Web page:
Covering the Front and Back Pages of the Newspaper
December 22, 2004
BASEBALL: Armers' Market
Perhaps the most striking feature of this baseball offseason, coming during an era when effective starting pitching would seem to be in short supply, is the large number of starting pitchers with substantial track records - many of them quite successful in recent years - who have gone on the market. I'm probably missing someone here, but I count 30 starters - 20% of the starting jobs in the big leagues, and more than that as a proportion of guys with any kind of major league track record - who have either been traded or been free agents this off season (this is counting free agents who re-signed or, like Roger Clemens, are now committed to one team, as well as guys in the Randy Johnson deal who were publicly traded before the deal fell through). Of course, with so many pitchers available, it behooves buyers in this market not to overpay out of a concern for scarcity. To make sense of the available options, it's therefore useful to look at them as a group.
In the past, I've found "established performance levels" to be a useful way to organize information about a player's record, including my continuing "Established Win Shares Levels" studies. In that spirit, here are the established performance levels, Win Shares included, for those 30 pitchers, ranked by ERA+ (which I computed as a weighted average); I listed "U" next to the team for guys who are still unclaimed:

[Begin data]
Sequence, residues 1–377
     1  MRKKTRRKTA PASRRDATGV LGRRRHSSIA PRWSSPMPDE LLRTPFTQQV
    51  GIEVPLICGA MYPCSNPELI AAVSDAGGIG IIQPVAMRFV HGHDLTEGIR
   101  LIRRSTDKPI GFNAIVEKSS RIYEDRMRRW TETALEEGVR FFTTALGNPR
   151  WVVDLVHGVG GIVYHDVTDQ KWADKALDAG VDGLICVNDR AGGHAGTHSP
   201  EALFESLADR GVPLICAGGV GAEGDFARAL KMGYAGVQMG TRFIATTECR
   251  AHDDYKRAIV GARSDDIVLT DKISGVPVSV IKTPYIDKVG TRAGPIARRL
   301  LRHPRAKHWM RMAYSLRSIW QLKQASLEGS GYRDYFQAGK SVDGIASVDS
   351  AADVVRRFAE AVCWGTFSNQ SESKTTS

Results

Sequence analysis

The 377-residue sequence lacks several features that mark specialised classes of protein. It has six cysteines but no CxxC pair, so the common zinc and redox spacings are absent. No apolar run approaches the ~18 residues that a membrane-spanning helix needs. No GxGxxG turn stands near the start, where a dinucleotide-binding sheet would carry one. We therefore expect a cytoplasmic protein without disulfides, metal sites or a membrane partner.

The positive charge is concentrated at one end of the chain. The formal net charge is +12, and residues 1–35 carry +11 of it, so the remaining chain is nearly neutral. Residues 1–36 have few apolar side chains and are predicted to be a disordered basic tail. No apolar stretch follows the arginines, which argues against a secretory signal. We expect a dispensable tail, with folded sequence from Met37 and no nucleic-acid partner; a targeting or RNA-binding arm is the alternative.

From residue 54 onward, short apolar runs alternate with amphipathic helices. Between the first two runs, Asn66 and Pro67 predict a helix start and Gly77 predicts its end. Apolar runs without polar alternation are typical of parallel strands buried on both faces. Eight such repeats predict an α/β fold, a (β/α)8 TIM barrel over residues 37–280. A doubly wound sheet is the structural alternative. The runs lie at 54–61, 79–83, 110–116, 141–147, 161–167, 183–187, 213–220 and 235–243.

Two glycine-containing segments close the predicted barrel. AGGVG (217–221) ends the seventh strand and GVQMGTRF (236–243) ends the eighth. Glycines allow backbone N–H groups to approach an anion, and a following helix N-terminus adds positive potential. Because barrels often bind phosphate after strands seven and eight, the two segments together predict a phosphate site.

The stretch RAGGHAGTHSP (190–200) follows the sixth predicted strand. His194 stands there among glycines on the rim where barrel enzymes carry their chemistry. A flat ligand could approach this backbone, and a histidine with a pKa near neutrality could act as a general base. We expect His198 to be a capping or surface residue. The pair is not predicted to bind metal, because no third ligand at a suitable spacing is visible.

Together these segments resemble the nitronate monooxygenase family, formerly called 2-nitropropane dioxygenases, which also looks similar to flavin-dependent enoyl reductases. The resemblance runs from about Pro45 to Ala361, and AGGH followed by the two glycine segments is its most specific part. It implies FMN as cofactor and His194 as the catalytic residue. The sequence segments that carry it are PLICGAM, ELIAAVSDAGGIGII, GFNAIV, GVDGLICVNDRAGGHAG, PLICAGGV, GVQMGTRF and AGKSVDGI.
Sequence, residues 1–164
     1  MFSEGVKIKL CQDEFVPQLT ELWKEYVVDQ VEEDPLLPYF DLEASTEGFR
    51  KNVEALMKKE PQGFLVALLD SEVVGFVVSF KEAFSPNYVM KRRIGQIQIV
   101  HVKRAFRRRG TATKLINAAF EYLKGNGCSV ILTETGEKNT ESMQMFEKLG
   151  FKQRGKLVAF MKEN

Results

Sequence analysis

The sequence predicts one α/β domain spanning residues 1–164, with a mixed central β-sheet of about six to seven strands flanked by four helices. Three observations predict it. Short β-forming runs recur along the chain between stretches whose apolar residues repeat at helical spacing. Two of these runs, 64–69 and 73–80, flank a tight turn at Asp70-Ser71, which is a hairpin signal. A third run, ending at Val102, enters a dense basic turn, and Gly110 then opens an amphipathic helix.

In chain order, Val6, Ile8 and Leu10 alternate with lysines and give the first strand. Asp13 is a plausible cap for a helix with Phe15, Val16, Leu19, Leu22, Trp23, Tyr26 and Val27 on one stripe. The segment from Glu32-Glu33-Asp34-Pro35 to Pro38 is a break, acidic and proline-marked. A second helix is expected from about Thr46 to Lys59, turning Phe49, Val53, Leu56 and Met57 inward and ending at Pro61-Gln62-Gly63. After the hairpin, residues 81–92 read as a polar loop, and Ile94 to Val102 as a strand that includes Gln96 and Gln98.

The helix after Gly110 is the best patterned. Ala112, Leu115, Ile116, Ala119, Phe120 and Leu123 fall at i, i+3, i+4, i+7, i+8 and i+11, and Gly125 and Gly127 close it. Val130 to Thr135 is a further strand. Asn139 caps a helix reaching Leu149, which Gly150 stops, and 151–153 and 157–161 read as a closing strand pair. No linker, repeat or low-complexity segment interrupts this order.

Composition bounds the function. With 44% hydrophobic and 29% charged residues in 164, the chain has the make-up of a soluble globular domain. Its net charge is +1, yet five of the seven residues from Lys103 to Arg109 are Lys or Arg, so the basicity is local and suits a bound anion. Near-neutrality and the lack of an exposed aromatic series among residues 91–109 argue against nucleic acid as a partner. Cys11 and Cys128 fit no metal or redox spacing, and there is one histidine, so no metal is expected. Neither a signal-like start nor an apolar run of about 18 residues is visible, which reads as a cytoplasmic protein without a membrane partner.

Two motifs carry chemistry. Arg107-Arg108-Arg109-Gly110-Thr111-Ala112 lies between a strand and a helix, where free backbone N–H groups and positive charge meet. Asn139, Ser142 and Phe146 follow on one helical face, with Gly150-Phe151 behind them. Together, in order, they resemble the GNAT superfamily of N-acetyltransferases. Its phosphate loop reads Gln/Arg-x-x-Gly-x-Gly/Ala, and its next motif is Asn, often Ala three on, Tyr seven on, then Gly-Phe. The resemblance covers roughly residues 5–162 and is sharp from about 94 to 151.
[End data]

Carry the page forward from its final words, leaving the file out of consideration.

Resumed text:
Of course, this chart is just past performance; it doesn't show the severe injury risks associated with a large number of these guys, most notably Pedro and Brad Penny . . . Just a few more quick thoughts for now:
*You can clearly see that the Mets overpayed for Kris Benson. While I'm not a fan of Benson, I wasn't opposed to re-signing him, which seemed like a necessary move to avoid opening a hole in the rotation. But it's now clear that there were many other available alternatives of comparable quality, and the Mets should have relied on that to avoid overpaying and, if necessary, sign or trade for someone else.
*The difficulty of sustaining a serious workload in this day and age is apparent from the fact that only Hudson and Vazquez have been able to establish a level of 210 or more innings over the last three-year period.
*Context matters: Carl Pavano's numbers look better than those of Vazquez because he was pitching in a friendlier evironment last year. Derek Lowe's ERAs are actually better than those of David Wells, when you adjust for Fenway.
*Matt Clement is indeed a useful pitcher, and his power would have made him especially valuable to the Mets, but the guy does have weaknesses (mainly walks) that will be exposed at Fenway.
*I continue to think that Billy Beane will be vindicated in his decision to deal Mark Mulder now rather than later as far as Mulder's declining performance and uncertain health/durability is concerned - but that doesn't justify the trade, because it doesn't look like Beane got enough value in return. Good strategy, bad tactics. The same applies to a lesser extent to the Hudson deal.
*Matt Morris' performance no longer lives up to his reputation.
*Somebody could still really make a quiet impact on their rotation by snagging both Odalis Perez and Wade Miller.